Rothwell Pastures Credit Danny Hill

Rothwell Pastures Nature Reserve

Based around a network of streams, meadows and a disused railway line, Rothwell Pastures has a special importance for both local history and wildlife. Formerly a manorial hunting estate, these days you're more likely to spy a water vole rather than finding wild boar at large!

Location

Stone Brig Lane Rothwell
Leeds
West Yorkshire
LS26 0XE

OS Map Reference

SE 340 283
SE 34314 28217 (Church street car park entrance)
A static map of Rothwell Pastures Nature Reserve

Know before you go

Size
13 hectares

Entry fee

Free

Parking information

Use Church Street car park (footpath leads to the reserve)

Access

Not suitable for wheelchair users. Accessed by footpaths.

Dogs

On a lead

When to visit

Opening times

Open at all times

Best time to visit

March to September

About

Rothwell Pastures is a mosaic of scrub, hedgerows, ponds and meadows, each being home to a wealth of wildlife.

The large meadow grassland in the northern area of the site includes wildflowers that attract butterflies such as the common blue, speckled wood, meadow brown and the striking day-flying cinnabar moth.

Woodland, including naturally regenerating birch, is situated throughout the site. Watch the transformation of hawthorn, oak and ash trees as nectar-producing blossoms become nut and berry autumn larders for birds such as dunnock, yellowhammer, bullfinch, goldfinch and blackbird.

Along the southern area of the site runs a series of becks including West, Carlton, Oulton and Haigh Beck. If you are lucky, you may even catch a glimpse of the rare and shy water vole. In the pond and associated wetland habitat keep your eyes peeled for the toads, frogs, mallards, moorhens and kingfishers.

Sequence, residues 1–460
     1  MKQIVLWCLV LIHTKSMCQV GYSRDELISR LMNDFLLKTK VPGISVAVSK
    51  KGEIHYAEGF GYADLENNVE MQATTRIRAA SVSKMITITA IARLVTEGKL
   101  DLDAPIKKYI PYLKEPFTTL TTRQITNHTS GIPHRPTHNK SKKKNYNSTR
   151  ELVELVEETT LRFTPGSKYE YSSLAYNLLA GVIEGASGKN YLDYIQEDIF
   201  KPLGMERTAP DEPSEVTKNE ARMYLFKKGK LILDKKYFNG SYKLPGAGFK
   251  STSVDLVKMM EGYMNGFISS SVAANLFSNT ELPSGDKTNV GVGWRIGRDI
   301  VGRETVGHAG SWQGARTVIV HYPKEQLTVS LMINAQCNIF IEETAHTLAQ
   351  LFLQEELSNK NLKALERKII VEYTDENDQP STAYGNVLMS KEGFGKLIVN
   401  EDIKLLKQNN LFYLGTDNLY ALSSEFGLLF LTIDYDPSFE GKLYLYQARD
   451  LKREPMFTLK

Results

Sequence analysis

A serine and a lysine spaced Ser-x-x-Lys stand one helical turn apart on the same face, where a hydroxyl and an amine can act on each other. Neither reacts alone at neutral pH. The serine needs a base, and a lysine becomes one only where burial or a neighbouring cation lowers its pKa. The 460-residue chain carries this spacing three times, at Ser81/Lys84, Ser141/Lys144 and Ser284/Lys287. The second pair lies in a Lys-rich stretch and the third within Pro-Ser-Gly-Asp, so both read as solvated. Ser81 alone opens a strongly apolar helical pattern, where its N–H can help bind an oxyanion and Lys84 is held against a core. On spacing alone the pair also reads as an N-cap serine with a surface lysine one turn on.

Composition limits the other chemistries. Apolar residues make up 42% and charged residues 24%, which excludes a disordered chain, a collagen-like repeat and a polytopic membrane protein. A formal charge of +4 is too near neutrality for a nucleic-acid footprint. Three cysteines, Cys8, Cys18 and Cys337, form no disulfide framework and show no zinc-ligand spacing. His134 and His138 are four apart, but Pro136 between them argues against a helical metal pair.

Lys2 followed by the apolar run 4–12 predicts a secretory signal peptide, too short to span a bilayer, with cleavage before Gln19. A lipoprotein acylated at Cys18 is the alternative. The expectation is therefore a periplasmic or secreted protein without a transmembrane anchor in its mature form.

The disused railway link to the west also connects a variety of smaller habitats, providing an important corridor for wildlife and public access.

There are several paths throughout the site, leading from the four main entry points to the site. Rothwell Pastures is part of the green corridor the Lower Aire Valley in Leeds which is owned by Leeds City Council and managed in partnership with the Trust.

Seasonal highlights

 

  • Spring: Amphibians - Common toad; Birds - Blackcap; Whitethroat; Willow warbler
  • Summer: Plants - Bird's-foot trefoil; Bladder campion; Invertebrates - Cinnabar
  • Autumn: Plants - Hawthorn
  • Winter:  Birds - Yellowhammer

History

A site steeped in history, Rothwell pastures used to be the site of grand mansions and a hunting park rich in wild boar and deer until 1339 when the last wild boar was killed. Now all that remains of the past mansions is a stack of stones, known locally as Rothwell Castle. The site can also boast a royal history including visits from King John and Edward II.

Around 1069 Rothwell Pastures was granted to Ilbert de Lacy by William the Conqueror, and amongst the many changes that came to be under the de Lacy family was that the vast woodland which covered the district of 'Rothwell Haigh' became the hunting park.

After the last wild boar was killed the manor house and buildings, which had been the administrative centre for the district, fell out of favour and by the end of the 15th Century were said to be in 'great ruyine and decay'. Although the land was farmed until the late 1970s the buildings were all but demolished, leaving Rothwell Castle as the last remnants of the medieval manor house.

Directions

Public transport
Regular buses run between Rothwell and both Leeds and Castleford.

By car
Take the A639 from Leeds. At the roundabout take the second exit onto A61/ Leeds road. Keep right on the A61 and then take the second left at the next roundabout, above the M1. Take the next left onto Wood Lane and follow this round until you reach Church Street. There is a small car park on your right at the bottom of the hill.

Nearby